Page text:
To keep up with the fastest printing presses, Vision Components’ smart camera products use internal memory buffers that allow each pixel to be processed as the next image is acquired by the sensor. ‘‘The frame grabber is basically included in the smart camera along with the memory storage and processing elements,’‘ Toth adds.

For high-speed applications, some camera manufacturers may consider mutli-tap methods – essentially using multiple read out electronic circuits to read out multiple sections of the sensor simultaneously. However, in many printing applications, registration, pixel-to-pixel intensity variations and spatial accuracy are just as important as speed. Today’s printing applications may use micromarks to track page registration of multiple screens hidden in the text rather than standard registration marks in the margin of the printed page. These minute ‘micromarks’ mean that the vision system must be able to deliver a  robust, high-resolution image every time. Registering multiple sections of sensor together in a mutli-tap architecture – each with it’s own read out circuit and slightly different response - introduces additional complexity and cost into the machine vision printing verification system.

‘Extra Extra’ Considerations
Because OEMs dominate much of the printing industry, machine vision suppliers need to be prepared to support their systems for a long time – perhaps a decade or longer, while continuing to introduce new computational elements and controls to attract new projects and customers. Many machine vision equipment suppliers that target the printing industry will make sure they have data interfaces that are common to industrial equipment, using the generic TCP/IP, HTTP, or Telnet protocols, or more specialized field bus networks, such as Profibus or Modbus. Typically, valued added resellers (VAR) or integrators steeped in the special needs of the printing industry handle the final interfacing between the vision system and the OEM equipment.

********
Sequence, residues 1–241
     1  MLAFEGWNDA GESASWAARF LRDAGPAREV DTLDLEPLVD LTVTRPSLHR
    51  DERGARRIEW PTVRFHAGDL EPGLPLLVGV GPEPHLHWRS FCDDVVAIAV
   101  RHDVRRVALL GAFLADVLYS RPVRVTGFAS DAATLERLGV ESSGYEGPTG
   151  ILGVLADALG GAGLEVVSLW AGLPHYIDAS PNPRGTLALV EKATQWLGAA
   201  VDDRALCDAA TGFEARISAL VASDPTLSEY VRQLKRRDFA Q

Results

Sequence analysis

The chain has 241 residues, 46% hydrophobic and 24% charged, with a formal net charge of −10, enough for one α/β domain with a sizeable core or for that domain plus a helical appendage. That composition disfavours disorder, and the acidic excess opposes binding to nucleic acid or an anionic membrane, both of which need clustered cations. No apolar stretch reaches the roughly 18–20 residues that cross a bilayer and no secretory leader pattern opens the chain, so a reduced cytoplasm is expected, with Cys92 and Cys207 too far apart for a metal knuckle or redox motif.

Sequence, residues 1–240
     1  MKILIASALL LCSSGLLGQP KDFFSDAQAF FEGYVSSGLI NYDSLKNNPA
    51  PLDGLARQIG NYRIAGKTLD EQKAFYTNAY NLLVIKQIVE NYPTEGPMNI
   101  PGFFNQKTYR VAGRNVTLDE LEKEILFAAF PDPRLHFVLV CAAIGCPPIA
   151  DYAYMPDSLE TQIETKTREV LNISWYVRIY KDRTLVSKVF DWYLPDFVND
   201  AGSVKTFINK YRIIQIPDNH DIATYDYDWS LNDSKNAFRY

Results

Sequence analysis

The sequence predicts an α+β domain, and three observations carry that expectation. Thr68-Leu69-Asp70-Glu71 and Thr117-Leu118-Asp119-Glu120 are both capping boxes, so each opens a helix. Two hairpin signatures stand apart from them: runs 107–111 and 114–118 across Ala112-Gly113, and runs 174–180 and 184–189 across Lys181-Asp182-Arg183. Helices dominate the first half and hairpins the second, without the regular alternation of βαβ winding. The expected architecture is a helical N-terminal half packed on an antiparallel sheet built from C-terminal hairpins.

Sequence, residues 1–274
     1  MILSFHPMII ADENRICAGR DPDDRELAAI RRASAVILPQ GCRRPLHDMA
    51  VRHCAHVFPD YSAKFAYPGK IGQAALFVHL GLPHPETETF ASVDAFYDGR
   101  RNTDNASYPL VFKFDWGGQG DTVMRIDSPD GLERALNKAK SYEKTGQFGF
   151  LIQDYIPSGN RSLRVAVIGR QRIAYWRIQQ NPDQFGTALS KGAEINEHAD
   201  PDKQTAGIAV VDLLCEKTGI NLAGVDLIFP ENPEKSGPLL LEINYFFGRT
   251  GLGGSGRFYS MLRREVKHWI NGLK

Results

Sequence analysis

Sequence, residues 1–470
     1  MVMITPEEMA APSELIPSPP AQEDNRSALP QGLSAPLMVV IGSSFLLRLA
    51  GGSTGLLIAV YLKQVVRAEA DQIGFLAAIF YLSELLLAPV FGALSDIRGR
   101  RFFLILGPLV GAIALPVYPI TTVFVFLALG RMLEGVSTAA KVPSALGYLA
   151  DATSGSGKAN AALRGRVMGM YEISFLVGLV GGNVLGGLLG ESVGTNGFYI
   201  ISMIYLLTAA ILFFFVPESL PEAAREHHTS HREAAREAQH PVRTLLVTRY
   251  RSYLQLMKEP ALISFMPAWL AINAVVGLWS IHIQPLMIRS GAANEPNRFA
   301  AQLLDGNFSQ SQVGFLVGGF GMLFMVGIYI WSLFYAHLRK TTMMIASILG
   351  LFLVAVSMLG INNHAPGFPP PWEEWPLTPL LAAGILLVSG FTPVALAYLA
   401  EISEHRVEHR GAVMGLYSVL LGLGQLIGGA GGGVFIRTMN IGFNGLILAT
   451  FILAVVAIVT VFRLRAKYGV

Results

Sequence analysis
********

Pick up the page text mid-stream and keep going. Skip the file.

Another benefit that attracts printing applications is the integration of multiple sensors, and/or display capabilities directly into the sensor housing, or when unnecessary, stripping away the camera housing to the board level to make it easier to retrofit or include machine vision into existing or new OEM equipment. Vision Components, for instance, has developed a new two sensor smart camera for the robotics industry that is finding use in the printing industry, not as a stereoscopic robotic guidance system, but to accommodate wide webs, or two-sided simultaneous inspection of the printed page.

Like many industries, coming out with new functionality often takes a back seat to delivering a robust, trusted solution, and the printing industry is no different. ‘‘A machine vision system for printing needs to be very robust because the presses generate high magnetic and electrical fields as well as a lot of motion and vibration. You need to make sure your equipment can handle the vibration and messy environment of the press, or it really doesn’t matter how smart your smart camera is,’‘ concludes Toth.